• “enough flour to be able to knead”
  • “roll dough into rectangles”
  • “spread with softened margarine”
  • “sprinkle brown sugar over dough”
  • “..and then a mixture of sugar and cinnamon”
  • “roll up”
  • “[bake] 35 min or so – or until you think it looks done”

This is how I addressed these questions:

  • pinch of sugar
  • 2/3 cup sugar
  • roughly 5 cups of flour
  • roll the narrowest part of the dough slightly smaller than the pan I plan to use
  • soften one stick of butter and use it to both grease the pans and spread of the dough
  • sprinkle two generous handfuls of brown sugar over the dough
  • dust about 1-1/2 Tablespoons of cinnamon sugar over the brown sugar
  • tightly roll dough starting from one of the narrow ends and seal all edges
  • bake at least 45 minutes, depending on the size of the pan

I quickly realized my pans are smaller than hers were, so I usually make two mini loaves as well. Once I started doing that I didn’t have to worry as much about the filling spilling out of the pans and burning in the oven. (Just to be safe I always cover the bottom rack with aluminum foil.)

Here’s a little photo journey of the bread I made this weekend:

Getting the yeast jump started with a pinch of sugar and hot water.

Getting the yeast jump started with a pinch of sugar and hot water.

The yeast mixture five minutes later.

The yeast mixture five minutes later.

Yes. I cheat. I use my stand mixer to do the initial kneading.

Yes. I cheat. I use my stand mixer to do the initial kneading.

Because this is a rich dough — containing sugar, eggs, vanilla, and butter — it tends to be wetter and a bit softer than traditional bread dough. After five or six minutes of kneading, the dough needs to rise until doubled in bulk.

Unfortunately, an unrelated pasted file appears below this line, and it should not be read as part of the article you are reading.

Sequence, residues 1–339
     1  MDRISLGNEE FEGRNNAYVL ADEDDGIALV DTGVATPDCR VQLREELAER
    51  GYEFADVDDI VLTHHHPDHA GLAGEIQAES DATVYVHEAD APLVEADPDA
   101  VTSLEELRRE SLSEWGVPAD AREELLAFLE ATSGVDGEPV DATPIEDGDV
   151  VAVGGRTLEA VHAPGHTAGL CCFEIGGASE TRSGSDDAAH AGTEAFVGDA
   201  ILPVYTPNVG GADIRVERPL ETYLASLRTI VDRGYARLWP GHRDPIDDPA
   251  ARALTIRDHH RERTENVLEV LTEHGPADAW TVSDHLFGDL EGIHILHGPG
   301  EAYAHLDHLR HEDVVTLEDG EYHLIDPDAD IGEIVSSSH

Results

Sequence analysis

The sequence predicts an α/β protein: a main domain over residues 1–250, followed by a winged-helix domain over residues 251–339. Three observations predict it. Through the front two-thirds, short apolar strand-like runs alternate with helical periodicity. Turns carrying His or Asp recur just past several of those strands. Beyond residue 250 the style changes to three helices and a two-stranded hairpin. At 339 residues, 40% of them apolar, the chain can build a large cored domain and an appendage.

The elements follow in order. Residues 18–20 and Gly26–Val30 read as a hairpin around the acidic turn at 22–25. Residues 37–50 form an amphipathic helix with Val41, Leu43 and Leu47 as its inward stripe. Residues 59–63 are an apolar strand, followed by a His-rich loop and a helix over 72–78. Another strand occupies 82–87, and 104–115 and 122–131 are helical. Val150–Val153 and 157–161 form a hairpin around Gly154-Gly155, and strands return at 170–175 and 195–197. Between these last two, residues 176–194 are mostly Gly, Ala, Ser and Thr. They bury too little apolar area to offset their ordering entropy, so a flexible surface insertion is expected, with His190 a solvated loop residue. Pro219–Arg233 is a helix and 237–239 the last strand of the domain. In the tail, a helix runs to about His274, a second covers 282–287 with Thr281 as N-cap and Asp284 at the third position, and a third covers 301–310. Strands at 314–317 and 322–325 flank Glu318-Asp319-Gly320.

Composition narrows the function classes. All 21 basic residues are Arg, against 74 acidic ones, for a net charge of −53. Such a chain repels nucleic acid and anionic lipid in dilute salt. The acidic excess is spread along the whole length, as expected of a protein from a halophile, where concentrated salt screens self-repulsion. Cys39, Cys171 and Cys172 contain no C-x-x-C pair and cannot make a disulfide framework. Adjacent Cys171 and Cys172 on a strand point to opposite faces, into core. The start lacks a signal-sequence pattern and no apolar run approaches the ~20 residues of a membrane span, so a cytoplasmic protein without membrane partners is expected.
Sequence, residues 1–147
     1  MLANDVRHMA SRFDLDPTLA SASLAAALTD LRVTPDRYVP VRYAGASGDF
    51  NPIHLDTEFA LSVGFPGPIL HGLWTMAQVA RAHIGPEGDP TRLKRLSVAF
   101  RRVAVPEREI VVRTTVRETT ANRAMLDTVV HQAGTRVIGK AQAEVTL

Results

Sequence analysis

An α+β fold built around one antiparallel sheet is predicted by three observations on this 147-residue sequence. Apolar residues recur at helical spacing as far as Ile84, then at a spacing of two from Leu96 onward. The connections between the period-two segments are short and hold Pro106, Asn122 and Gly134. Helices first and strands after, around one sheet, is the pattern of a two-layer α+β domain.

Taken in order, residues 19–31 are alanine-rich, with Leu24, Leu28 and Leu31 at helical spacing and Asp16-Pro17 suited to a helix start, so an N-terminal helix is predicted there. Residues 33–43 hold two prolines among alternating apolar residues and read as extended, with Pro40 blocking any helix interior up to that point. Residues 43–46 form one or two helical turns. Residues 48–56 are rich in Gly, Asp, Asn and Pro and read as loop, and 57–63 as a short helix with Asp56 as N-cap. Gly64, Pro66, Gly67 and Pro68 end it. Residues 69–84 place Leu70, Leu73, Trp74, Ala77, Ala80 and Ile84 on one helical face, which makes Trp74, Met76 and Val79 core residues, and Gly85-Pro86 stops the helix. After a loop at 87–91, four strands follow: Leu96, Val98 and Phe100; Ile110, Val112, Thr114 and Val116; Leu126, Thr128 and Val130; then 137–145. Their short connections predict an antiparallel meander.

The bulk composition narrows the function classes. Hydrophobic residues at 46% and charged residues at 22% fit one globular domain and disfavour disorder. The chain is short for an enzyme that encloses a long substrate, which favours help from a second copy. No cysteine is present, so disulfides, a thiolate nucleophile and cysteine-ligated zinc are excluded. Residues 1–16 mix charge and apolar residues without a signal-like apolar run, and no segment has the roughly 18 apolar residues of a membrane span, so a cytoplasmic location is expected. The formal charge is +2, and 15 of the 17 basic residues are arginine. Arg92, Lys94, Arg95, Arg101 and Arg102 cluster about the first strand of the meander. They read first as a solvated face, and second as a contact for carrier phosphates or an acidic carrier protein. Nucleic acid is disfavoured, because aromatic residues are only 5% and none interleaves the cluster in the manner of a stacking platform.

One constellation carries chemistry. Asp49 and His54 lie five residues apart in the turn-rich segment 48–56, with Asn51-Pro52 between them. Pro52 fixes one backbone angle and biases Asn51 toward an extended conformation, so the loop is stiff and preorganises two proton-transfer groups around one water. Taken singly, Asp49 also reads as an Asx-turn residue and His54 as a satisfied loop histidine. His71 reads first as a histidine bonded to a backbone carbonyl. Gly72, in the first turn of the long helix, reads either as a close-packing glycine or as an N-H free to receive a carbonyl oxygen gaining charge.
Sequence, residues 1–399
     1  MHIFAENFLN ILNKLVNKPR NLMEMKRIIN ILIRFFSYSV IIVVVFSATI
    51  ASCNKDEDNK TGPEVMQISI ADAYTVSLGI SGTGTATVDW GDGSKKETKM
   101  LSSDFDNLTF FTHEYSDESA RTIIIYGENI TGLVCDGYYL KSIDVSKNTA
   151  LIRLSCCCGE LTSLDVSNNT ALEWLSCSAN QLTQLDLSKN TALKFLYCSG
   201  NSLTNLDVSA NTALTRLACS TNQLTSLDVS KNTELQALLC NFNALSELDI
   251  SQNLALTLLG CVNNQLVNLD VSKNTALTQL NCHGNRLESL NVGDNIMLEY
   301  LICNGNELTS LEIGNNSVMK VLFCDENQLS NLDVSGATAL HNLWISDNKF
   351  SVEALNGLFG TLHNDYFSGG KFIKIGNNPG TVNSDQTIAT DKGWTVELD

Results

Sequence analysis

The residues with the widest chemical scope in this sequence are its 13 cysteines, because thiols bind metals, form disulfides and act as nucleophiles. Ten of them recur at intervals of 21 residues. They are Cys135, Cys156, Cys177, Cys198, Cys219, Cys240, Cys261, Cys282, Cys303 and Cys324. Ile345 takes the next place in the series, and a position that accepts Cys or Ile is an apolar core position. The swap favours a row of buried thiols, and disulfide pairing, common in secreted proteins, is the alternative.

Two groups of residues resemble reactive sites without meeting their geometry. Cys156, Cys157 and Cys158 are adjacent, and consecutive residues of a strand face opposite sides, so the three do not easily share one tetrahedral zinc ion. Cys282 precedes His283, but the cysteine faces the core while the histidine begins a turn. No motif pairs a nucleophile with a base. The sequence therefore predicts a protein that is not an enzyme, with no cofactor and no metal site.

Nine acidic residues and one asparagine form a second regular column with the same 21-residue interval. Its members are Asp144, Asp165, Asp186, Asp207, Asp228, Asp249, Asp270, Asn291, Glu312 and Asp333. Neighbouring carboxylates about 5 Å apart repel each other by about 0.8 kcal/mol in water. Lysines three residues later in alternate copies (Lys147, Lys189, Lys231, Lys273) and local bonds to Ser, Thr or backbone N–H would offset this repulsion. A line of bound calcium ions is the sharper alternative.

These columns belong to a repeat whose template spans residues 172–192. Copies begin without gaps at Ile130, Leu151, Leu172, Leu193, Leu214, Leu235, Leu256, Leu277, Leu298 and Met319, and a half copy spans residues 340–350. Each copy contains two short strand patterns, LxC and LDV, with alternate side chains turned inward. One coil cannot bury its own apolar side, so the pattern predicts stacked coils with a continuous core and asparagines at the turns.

Ready to rise!

Ready to rise!

Luckily, the radiators were just warm enough (without being too hot) to do the trick. I covered the bowl loosely with plastic, and topped it off—as the late great Julia Child might say— with an impeccably clean towel.

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I love the idea of taking a photo before the dough rises to help gauge when it’s doubled in size. Compare this to the previous photo of dough.

It has risen!

It has risen!

Next is the fun part—hand kneading the dough, dividing it in half, and then trimming a little extra off each half to make the small loaves.

Turned out onto a lightly floured surface.

Turned out onto a lightly floured surface.

Divided and ready to knead.

Divided and ready to knead.

I don’t want to overwork the dough at this point. I just knead it for a minute or so to smooth it out. I knead until it feels a bit like soft bubblegum. Then it’s time to roll. I like longer rectangles, because they result in more swirls when then bread is sliced.

Roll the width of the dough so it's almost as wide as the baking pan.

Roll the width of the dough so it’s almost as wide as the baking pan.

Next, brush with the softened (in this case over-softened) butter, sprinkle with brown sugar and cinnamon sugar mixture, then start rolling it up.

Not having made the bread in nearly a year, I forgot to leave about an inch of bare dough at the end I'd be rolling toward. Oops!

This is why you need to start with a piece of dough not quite as wide as your pan. t invariably spreads out a bit as you roll it up.

Oops! I forgot to leave about an inch of bare dough to help seal the edge.

Oops! I forgot to leave about an inch of bare dough to help seal the edge. No problem. I wiped some of a cinnamon and sugar off, then swiped a little water on the edge.

All sealed up and ready for the pan!

All sealed up and ready for the pan!

Place seam-side down in a buttered bread pan.

Place seam-side down in a buttered bread pan.

Repeat with the rest of the dough and they’re ready to bake.

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The smaller loaves were done after about 40 minutes, but the larger ones took 10-15 minutes longer, proving that even when you try to make sense of a vague recipe, you still wind up with inexact instructions.